The ‘Worldwide Cinema Tour’ by singer-songwriter Lucy Rose dispels with the need for a support act by showing a film instead. Called ‘Something’s Changing’ — the same as her new album — it’s a moving short about the artist’s trip to Latin America, where she forged life-affirming personal relationships with fans who had been her twitter contacts for years, and yearned to see her. The deal was that she’d meet them if they gave her somewhere to stay in their home and organised a gig in their local town.
Incredibly, people turned up in droves at these concerts by this English rose, far from home but among new friends. They knew the words and sang along; they took her into their hearts. Lucy Rose calls it a “hugely positive experience” that left her believing in herself and in her music again.
She introduces the film and talks a lot during her set. She is clearly deeply emotionally invested in the movie and the music she’s released post-journey. After a couple of tonight’s songs she appears to wipe a tear from under each eye. Stand-out album track ‘Floral Dresses’, played solo as the first song of the encore at the Rio show, contains the line “I’m growing older each passing day”. It’s so true; Lucy Rose has a new-found maturity in her songwriting and in the way she performs.
The same band plays live as on the album, their restrained approach meaning that they never overwhelm the tracks with too much bluster, but build or decay simply and efficiently in the songwriter’s often complex arrangements. They play every song on the new album apart from the short ‘Intro’, along with a handful from her 2012 debut ‘Like I Used To’ and a couple from 2015’s top-10 ‘Work It Out’.
Texture and dynamic changes are Lucy Rose’s compositional hallmarks. Opener ‘Love Song’ changes pace suddenly towards the end, the drummer clapping and keyboards coming in. ‘Second Chance’ breaks into a “groovy chorus” with husband Will on brief tambourine duty until he reverts to his usual guitar-changing roadie role. A mature realisation that less is more is apparent on ‘Soak It Up’, with its sparse second guitar, syncopated time signature, and chords that hint at Pink Floyd ’s ‘Dark Side Of The Moon’.
Sonorous or wailing fiddle accompanies guitar or piano on new tracks ‘Is This Called Home’, in which the guitar interplay stands out; ‘No Good At All’, which reflects a low (“not super unhappy”) ebb before the Latin American voyage as she sings “What’s left of me? A flower of fallen seed”; and ‘Moiria’ (dedicated to “people I met on the journey… and one of the saddest songs I’ve written”); as well as ‘My Life’ and ‘Nebraska’ from ‘Work It Out’.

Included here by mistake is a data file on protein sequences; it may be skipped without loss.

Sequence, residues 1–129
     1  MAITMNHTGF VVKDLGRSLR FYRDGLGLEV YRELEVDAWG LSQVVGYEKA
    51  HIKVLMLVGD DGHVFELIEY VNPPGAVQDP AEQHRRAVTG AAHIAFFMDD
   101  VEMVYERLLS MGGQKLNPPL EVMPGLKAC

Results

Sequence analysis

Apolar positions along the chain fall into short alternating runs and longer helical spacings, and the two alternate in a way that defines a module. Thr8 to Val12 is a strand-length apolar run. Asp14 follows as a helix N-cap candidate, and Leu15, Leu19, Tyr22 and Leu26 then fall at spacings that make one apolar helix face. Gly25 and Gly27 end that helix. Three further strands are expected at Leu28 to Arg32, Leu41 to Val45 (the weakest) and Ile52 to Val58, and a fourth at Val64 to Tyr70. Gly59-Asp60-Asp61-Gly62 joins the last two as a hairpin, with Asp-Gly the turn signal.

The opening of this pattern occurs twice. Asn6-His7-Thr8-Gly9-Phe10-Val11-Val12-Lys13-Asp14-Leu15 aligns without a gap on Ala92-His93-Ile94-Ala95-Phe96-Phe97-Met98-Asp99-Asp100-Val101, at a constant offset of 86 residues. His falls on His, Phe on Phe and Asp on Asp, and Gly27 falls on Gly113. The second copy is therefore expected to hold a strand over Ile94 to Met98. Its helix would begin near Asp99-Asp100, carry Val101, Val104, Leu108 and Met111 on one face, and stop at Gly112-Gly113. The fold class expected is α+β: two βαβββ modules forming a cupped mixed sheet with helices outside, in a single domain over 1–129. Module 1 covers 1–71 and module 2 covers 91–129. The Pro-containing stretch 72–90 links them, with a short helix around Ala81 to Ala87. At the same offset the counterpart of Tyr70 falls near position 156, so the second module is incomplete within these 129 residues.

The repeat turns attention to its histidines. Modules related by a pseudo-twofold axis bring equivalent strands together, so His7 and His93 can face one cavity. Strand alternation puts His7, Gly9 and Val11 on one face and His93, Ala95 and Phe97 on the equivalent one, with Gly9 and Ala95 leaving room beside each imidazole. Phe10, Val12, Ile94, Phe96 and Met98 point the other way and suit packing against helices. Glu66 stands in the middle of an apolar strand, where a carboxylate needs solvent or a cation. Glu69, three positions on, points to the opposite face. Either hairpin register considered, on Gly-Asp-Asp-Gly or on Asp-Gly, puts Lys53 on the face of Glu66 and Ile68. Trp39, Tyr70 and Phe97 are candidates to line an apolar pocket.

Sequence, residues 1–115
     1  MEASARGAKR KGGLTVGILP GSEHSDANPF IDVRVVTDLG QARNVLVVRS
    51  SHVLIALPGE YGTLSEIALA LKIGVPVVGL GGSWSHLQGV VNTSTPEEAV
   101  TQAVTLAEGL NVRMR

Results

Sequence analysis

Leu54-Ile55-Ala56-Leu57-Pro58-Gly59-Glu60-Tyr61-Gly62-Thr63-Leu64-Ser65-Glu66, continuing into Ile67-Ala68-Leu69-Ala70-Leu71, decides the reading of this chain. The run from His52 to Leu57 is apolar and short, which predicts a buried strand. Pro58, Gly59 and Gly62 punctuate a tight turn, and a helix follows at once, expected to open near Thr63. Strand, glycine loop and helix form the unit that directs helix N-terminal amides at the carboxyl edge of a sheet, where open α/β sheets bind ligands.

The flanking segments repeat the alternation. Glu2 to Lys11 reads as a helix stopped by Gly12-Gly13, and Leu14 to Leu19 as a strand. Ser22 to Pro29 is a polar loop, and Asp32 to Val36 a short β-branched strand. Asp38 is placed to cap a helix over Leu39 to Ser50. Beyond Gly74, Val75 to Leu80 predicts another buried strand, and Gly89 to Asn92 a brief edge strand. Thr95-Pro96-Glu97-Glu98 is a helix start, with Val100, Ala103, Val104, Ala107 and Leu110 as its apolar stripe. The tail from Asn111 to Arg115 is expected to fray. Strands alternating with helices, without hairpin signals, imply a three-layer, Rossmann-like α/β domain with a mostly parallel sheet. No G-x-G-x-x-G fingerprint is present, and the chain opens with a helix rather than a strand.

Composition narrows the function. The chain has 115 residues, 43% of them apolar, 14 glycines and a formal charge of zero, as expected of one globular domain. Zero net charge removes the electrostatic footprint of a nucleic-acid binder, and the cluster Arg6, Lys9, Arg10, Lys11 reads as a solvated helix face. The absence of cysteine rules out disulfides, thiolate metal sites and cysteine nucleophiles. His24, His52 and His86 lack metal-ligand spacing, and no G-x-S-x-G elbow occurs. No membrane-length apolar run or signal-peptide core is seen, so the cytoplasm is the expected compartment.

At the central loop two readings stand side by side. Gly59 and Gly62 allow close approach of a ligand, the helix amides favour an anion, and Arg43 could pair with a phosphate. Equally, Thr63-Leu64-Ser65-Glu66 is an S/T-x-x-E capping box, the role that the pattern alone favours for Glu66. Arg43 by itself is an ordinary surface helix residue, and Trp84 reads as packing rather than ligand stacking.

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All the while, her pure voice captivates the fans. It’s soaring on ‘Is This Called Home’, silky and velvety on ‘Find Myself’, until on the high notes it trembles emotionally with vibrato, as it does on platonic love song ‘I Can’t Change It All’. She is pitch perfect, except for on a comical false start as she takes to her keyboard for ‘Nebraska’.
She appears completely at ease on a small raised platform at centre stage, standing to play guitar or sitting at her electric piano. “What was I so nervous about?” she asks before ‘Strangest Of Ways’, with its echoes of her previous flirtations with poppy math-rock second guitar. She may be relaxed and calm, but she is not scared of vulnerability — exposing herself in order to heighten emotion.
One of her twitter votes had been won by those preferring to stand rather than sit at her shows, but she’s no fan of standing gigs, she reveals. Die-hard admirers wait patiently in their seats for chances to join in, mouthing the words to the 2011 single ‘Middle of the Bed’ and obeying the lyric “everybody scream out loud” in ‘Bikes’.
The evening ends with another track from the early days, ‘Shiver’. The words “when we were alone” seem to echo softly and hauntingly around the art deco spaces of the Rio before a steel guitar sound comes in and Lucy Rose sings, “And if we turn back time, would we learn…” The truth is, she has learned and matured, without turning back time.
Is This Called Home
Strangest Of Ways
Middle of the Bed
No Good At All
Soak It Up
I Can’t Change It All
Photos by Ian Bourne